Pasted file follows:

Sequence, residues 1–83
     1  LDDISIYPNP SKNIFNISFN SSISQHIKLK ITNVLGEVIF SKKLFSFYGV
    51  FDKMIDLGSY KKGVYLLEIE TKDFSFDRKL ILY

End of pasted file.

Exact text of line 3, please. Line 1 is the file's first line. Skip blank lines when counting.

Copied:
    51  FDKMIDLGSY KKGVYLLEIE TKDFSFDRKL ILY